but just as importantly. but as the Cold War heightened along with the pressures of the HUAC. Taylor M. and this picture is apt to be out of line in addition.pp. Washington. pp. Boston: Little. D. Warner Brothers and its filmmakers knew precisely what they wanted to say and said it.(April 11. he explained. 1939). Emiliano' s brother. But when the Mexican censors explained that “Bicho” meant “bug” or some kind of vermin in Spanish. but in both periods it exerted enormous pressure on Hollywood and significantly influenced the content of motion pictures. 1939). an old. only by 1952 Stalin replaced Hitler as the raging dictator. The Mexican heroes were all along good democrats. Juárez. He objected to verbal slurs about military generals in the movie. compromises. telephone. Record Group 208. 283. San Francisco. that mysterious and sinister opportunist in black who surfaced periodically at the elbow of power. Zanuck also had his mental set.158-159.89 There was no such character in Steinbeck' s original treatments of the Zapata story. and I may have to be taking orders from generals”92 Darryl Zanuck was ready to reject those communists. Garth.or submit. It seems to me that when the opposition decides to devour you. Hollywood.” Zanuck eliminated that entire scene.time compadre and general in Zapata’ s army.pp. alias “Fernando”. “I don 't pretend to know the answer “. release of Viva Zapata!. National Archives. The Movie Makers.Characteristics of major figures in the movie underwent continuing adjustment as the filmmakers struggled to fit them in to an ideologically safe and dramatically sound framework. State Department. however. All of these factors combined.. 1941. p. JOWETT. as did the mental set of the filmmakers themselves. 2. Brace and Co. by what was left out. “We can 't wipe out the opposition. In a major sequence that has Zapata in the presidential palace. Zanuck also had immediate political and personal considerations. his major intellectual prop. Zapata' s wife and mistress . although a study of yet closed State Department records could alter that opinion. Toward Revolutionary Art. Hollywood: The Movie Colony. 28.S. v. “We must learn to live with it. MILLS.p. 4-6. p. you have to do a little devouring yourself.90 Zanuck himself ordered further deletions. Madero. JOWETT. The government's position vis-a-vis the film industry was quite different in 1939 than in 1952.” says the weary fighter. the individuals who produced these two movies carried into them the tensions. Needs and tensions within the industry itself further designed each film. I myself am still a colonel in the reserves. NewMasses. Democratic Art. (1975). was more directly bent by deliberate government intentions than was Viva Zapata!. Eufemio. Pablo. the Breen Office demanded cuts in scenes it considered too violent. The argument had virtually been the same with Juárez in 1939. all experienced changing interpretations as the writers suffered from one screenplay to the next.”91 Zanuck clearly reflected prevalent Cold War thinking.p. Locked in a Cold War with the Soviet Union. Interview with Lester Cole. 1976. really Joseph Wiseman. Bicho became Fernando only in the final stage of the film' s production. he was only an insignificant character in the plot. not entirely by what it said. And I certainly do not mean to imply that government pressure did not shape Zapata. 1-2. New York: Harcourt. Film: The Democratic Art. The studio felt that the public had to be assured beyond question that Zapata (Democrat) was right and that Fernando (Opportunistic totalitarian) was wrong. “TRA Interviews Lester Cole”.88 None of them. (April 11. just like his Emiliano Zapata. it seems to me. (2) ROSTEN. Zanuck preferred the name Bicho. I must conclude. “but it seems to me we are having a difficult time both in living with the Communists and in wiping them out. Political reality invited discretion. are not possible..C. I believe. “Our next President of the United States” he noted. to give us two remarkable historical documents which help to illuminate the times in which they were made. June 25 1976. advises his chief to make his peace with his enemies. “is very apt to be a General named Dwight Eisenhower. But beyond these rather direct influences. values. 160. “History of the Overseas Motion Picture Bureau 's Early Operations" . Zanuck said. Fernando grew in stature -as a villain. p. (1945?). and his president. Leo C. and SO did his movie. but never could extract his picture from the intellectual morass in which Steinbeck and Kazan had become mired. New Masses. . Brown and Co.296. 28. underwent the manipulation experienced by the figure “Bicho”. the producer retreated to Femando. attitudes and morals of the entire society in which they lived and worked. vulgar or immoral. When Fernando first appeared. meaning Venustiano Carranza. Before approving the U. NOTES AND REFERENCES: (1) ROSTEN. because it sounded harsh and mean.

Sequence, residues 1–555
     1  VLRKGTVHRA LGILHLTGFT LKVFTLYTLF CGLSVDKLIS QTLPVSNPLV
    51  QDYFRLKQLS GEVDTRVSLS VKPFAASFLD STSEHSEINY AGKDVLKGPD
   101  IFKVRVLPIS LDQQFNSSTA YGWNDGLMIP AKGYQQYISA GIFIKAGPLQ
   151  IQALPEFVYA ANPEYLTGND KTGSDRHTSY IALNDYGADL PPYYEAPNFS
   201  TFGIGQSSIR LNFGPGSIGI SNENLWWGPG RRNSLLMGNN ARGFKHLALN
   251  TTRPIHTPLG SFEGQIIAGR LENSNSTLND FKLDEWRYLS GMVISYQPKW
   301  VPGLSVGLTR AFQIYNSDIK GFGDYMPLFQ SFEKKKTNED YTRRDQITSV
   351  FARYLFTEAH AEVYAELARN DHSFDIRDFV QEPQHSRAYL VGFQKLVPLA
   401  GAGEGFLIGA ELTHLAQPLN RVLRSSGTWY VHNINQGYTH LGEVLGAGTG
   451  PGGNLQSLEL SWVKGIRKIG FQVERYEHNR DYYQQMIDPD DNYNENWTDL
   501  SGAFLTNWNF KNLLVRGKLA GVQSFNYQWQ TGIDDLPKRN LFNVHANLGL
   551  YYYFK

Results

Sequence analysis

Martin Dies. p. GELLERMAN. 1939. (1968). (October. 1389. 811. p. 273 and 277.4061. Richard. 1948. date. “Mexicans in the Movies: The Image of Mexicans in American Films. Margaret Farrand. (February 17. Hyde Park. Hays. l00 Years. New York: MacMillan Co. p. 1936). 1939). September 5. (18) SD. (March 30. New York Times. “Is Communism Invading the Movies?” Liberty. p. 1938. Columbia Law Review. The Memoirs of Will H. Liberty. file title.17. New York: MacMillanCo. (14) For example see: FDR Official file. “Censorship”.144. 1940).532. pp. 57-60.T. Foreign Affairs. pp. New York World Telegram. (12) JOWETT. 1939.. 24-61. August 11. REDMAN. v.(3) JOWETT . p.1938. LEVIN. 108. p.1939).1955. Cordell.S. My First Hundred Years in Hollywood. 281.142. pp. Martin. 1939. 73. 1977. (6) "Film Censorship". (4) U. 1389. July 8. March 1. 47-50. Committee on Un-American Activities. September 6. America at the Movies. 28. (Hereafter cited as FDR Official File number. (November. Motion Pictures.p.) (11) FDR Official File 73. p. Motion Pictures. (19) New York Times. 161-162. 294. JOWETT. 811.4061. 224. Yale Law Review Journal. Latin Image. (February 24. Latin Image.. Walter. Charles A. September-December.1938. (June 8.1932). 1939. 1936. 214. 18. 1972. Universal Studios. Box 5024. Buenos Aires: Imprenta del Congreso Nacional. Ben Ray “Pictures and Censorship”. Section 9. D. America in Midpassage.S. Garden City. National Archives. (7) WAGNER. N. (1976). DIES. THORP. pp. 1939). 1970.4061.1939.. Yale Law Review. p.. New York: Da Capo Press. (December. v. Dewitt. p. Liberty. pp. 27. Interview with Hal Wallis. 216. (Type script). The Saturday Review of Literature. Box 5024. July-October. Allen. 5. N. Democratic Art. Warner to Roosevelt. “The Legion of Decency” Film Comment. (January. New York: Random House. HAYS. 21. document. p. (November.p. Richard Stuart. 125. For Girl of the Rio see: WOLL. . 106-107. p. correspondents. January-April.R. ROSTEN.: Doubleday & Co. Jack Warner to Marvin H. “120. Inter-American Conference for the Maintenance of Peace: Proceedings (Stenographic Reports) Buenos Aires. 1939. p. 1964. 1939). Democratic Art. Los Angeles: UCLA Latin American Center Publications. Y. 1939. 1938).. December 23. New Haven: Yale University Press.. Columbia Law Review. 271 and 278-79. "Dolores del Rio". February 27. William.33. “The Candid Cameraman: Hollywood Producers Submit to dictators Incidentally Giving America War-Minded Films”. 1939). and Mary R. 1939. Jack L. Record Group 59. BEARD. p. with JENNINGS. Ina Rae. Censorship of the Movies: The Social and Political Control of a Mass Medium. Inc. (8) Washington. 1940). p. pp. “Censorship of Motion Pictures”. McIntyre. JOWETT. Messersmith. p. 1939). BODEEN. 21. 91-102.(January 9. 277. Messersmith to Will Hays. 1937. George H. 1976. 601. p. 15. (December. CORLISS.Democratic Art. decimal file number. September-December. p. 12-14. Motion Pictures/259. Will H. Motion Pictures.37 . Esquire. Meyer. 1937 . Dean. 1894-1947” Madison: University of Wisconsin. “Film Censorship”. pp.. Films in Review. . "The Reds in Hollywood". pp. 493. Department of State. “Film Censorship: An Administrative Analysis”. p. America at the Movies.49. (16)WARNER. 3rd sess. 1932). 75th Cong. 1384-1387 and 1391-1402. p. (13) W ARNER. 13. The Latin Image in American Film. pp. 277-278. 15. pp. pp. 95ff. p. RANDALL. Hollywood. Thomas Burke to G. SD. (Hereafter cited as SD. Journal of Popular Film. correspondents. (15) HARK. 6. ROEDER. 273 and 277. 31.129. memorandum to General Watson from S. 1939). WOLL. THORP. 1967). Yale Law Review Journal.4061. America at the Movies. date) (9) SD. 28-29. Harry Warner to Roosevelt. House. Madison: University of Wisconsin Press. Congress. THORP. New York World Telegram. 811. p. Y. 5.. Summer. April 28. Also. The Memoirs of Cordell Hull. 21. p. and 199-200. Jr. 1940). Columbia Law Review.1. 1939. Investigation of Un-American Propaganda Activities in the United States on H. Motion Pictures/ 260-263. (17) HULL. 1937. November-December. (May.p. (5) New York World Telegram. Early. Decimal File 811. “The Visual Politics of ‘The Adventures of Robin Hood’”. Los Angeles. 21. p. Section 9. Bibliographical Section.and (April 20.C. “No More Immigrants”. Motion Pictures. FDR Official File 73. p. Warner to McIntyre. WOLL. 1939. 1939). pp. New York Times. Democratic Art. pp.000 American Ambassadors”. 46. 1971. (June 9. 5. v. 282. (July 9..(January. (10) Franklin Delano Roosevelt Library. Motion Pictures.